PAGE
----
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    1. Thank you! This fabric does seem to crush a bit, but then I do seem to spend a lot of time with a 3 year old on my lap these days (clingy is not the word!). And yes, mother always knows best! At least we have the option of Indie patterns and online tutorials - something your mum wouldn't have had at the time!

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  5. Ahh the Burda pattern!! I've made several and each one just as confusing as the other. Your dress is super cute and I'm really liking that color. I need something like this in my closet.

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    1. Thanks Shanni! it really is a cute style and so comfy to wear. I think I will definitely make a "normal" version once I get my body back! And looks like we both have a thing for red just now! :)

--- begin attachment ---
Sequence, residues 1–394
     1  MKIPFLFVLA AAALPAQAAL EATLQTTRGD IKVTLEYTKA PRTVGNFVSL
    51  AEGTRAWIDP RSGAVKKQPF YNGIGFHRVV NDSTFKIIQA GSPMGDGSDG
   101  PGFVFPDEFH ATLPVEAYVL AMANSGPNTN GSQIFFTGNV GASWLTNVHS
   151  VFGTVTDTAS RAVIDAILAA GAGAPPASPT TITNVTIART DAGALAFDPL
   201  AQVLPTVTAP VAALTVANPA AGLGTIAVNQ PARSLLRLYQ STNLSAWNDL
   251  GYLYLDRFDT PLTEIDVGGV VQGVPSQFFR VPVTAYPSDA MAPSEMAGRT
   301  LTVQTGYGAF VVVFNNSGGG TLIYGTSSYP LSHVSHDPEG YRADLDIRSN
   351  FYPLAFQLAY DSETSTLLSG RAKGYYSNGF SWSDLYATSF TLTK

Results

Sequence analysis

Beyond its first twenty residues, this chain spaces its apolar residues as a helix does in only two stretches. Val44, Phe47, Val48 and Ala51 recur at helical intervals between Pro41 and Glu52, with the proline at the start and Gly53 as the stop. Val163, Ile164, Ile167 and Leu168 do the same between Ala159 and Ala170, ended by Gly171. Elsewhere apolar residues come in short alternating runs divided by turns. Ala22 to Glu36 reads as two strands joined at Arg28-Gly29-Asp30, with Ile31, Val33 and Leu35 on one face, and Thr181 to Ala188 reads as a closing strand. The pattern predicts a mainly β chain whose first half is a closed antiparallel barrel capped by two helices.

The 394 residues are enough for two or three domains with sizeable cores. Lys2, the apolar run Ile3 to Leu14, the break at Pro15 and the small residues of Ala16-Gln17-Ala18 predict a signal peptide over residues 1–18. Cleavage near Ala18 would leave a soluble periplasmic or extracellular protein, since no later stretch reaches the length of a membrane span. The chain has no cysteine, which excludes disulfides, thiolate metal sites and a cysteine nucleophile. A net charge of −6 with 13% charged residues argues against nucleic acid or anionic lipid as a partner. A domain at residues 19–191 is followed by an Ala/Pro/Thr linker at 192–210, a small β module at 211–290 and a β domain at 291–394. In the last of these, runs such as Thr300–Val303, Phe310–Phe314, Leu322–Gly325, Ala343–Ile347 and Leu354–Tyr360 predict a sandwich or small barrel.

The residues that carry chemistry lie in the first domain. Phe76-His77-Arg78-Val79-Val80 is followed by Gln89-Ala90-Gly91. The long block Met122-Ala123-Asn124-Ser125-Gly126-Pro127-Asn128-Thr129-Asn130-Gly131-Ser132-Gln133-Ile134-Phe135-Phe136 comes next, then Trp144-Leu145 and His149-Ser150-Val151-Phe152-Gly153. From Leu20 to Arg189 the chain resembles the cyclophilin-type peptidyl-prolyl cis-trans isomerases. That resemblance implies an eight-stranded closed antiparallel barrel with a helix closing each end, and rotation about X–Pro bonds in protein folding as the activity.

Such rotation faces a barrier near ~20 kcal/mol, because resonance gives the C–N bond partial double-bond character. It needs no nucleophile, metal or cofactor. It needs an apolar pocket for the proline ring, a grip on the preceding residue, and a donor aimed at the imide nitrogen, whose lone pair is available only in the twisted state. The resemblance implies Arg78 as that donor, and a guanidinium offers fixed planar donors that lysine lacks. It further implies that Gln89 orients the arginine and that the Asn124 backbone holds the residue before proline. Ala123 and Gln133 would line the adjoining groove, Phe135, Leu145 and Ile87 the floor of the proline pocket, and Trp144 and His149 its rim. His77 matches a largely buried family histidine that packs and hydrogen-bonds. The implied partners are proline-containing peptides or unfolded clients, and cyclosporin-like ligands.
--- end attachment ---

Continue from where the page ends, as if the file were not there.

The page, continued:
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  6. Your being harsh about the Uni Boob! I think it looks lovely on you. Really pretty and floaty. Your holiday cottage looks good.

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    1. Thanks Louise! The cottage was lovely!

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  7. I think it looks fantastic! The drape of the fabric is perfect for the style. The colour's lovely too, and the tights look great with it. Two thumbs up for pregnancy style!

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    1. Thank you! I do like my coloured tights just now! :)

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  8. I think it's definitely a winner and it looks great with the coloured tights :)

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  9. This looks great on you! The fabric looks lovely & soft and it looks comfy as well. I've never used burda patterns but don't think I'd like them as I like the detailed instructions of indies.